I know I said the summer would be dry, but--Mercy me!--ain't never seen the like of this. How's a Pdog 'sposed to live? Think all my fur's fallin' out.
We got dogs in this little village that're packing up and hitchin' rides to Mexico where it's cool. Gettin' some Pdog sombreros and serapes and learnin' how to yip and hollar in Spanish. Emmigratin', don't you know? And just the other day, I seen this feller comin' down the road all red-like and with horns, forked tail and pitch fork. Said he was plannin' an annex on Hell and this Okie country felt about right.
Now, I know you two-legged critters are all exercised about whether we got global warming or not and, if we do, whether it's ol' Ma Earth in cahoots with that dern sun or you all that's doin' it, and I got me an opinion on that, but I'll just let you folks fight it out amongst you, 'cause I'm here to tell you that I don't think we got a chance of puttin' the brakes on this, whoever or whatever got it started.
There ain't nothin' for an ol' prairie dog to eat but cracklin' corn and dry grass. I've got so thin, I can shimmy down snake holes. We had no pups this spring and Mama Pdog is surly and downright unfriendly, so I 'spect there'll be no pups next year neither. Hard times hereabouts, yessir.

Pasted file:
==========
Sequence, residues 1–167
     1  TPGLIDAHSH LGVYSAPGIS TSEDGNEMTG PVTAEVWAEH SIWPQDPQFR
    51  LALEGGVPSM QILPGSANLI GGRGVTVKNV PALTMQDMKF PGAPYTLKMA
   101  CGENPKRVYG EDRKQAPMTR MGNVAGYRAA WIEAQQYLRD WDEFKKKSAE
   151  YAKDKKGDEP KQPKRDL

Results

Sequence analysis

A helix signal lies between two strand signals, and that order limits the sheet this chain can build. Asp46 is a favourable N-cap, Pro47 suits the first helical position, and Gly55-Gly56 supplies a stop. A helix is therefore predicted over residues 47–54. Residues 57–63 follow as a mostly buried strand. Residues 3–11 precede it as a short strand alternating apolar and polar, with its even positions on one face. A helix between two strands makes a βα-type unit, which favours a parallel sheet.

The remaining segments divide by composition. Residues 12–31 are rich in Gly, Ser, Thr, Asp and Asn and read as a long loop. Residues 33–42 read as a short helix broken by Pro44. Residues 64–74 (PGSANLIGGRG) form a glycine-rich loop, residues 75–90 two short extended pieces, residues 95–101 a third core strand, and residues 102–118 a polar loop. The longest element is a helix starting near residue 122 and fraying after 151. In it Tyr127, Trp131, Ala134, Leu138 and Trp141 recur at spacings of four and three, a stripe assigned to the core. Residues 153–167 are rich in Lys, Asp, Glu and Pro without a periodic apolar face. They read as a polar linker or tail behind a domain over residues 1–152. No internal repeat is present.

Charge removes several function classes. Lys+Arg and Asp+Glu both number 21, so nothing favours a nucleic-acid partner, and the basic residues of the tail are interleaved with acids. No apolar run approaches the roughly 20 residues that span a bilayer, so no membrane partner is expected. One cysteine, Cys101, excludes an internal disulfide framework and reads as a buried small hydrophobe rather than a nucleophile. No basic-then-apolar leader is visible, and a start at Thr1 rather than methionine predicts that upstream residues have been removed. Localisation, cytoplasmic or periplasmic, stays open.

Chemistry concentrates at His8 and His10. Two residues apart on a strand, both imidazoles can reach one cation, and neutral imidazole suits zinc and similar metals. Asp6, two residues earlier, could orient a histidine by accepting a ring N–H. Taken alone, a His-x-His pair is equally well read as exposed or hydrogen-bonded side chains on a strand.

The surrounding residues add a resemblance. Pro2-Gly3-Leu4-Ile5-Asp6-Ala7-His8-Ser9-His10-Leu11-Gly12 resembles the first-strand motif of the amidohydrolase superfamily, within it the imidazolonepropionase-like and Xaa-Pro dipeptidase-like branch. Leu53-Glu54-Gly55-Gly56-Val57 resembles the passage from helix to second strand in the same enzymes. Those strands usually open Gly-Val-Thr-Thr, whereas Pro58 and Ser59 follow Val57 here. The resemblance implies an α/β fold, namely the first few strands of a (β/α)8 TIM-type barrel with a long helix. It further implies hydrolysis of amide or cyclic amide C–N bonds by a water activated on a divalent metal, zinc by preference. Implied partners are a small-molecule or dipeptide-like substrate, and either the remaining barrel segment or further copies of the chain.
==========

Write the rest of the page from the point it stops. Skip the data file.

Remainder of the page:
But I been diggin' in red dirt a lot of years, and I can tell you that the grand thing about this ol' state is that there's not nothing alive, two-legged or four, that can tell you what tomorrow's gonna look like. The fires may get us for sure, or the rain may come again and give us sweet grass to fill our shriveled up little bellies. Don't you never count us out. Not so long as a one of us draws breath.
This ol' Pdog ain't goin' nowheres. See you next spring.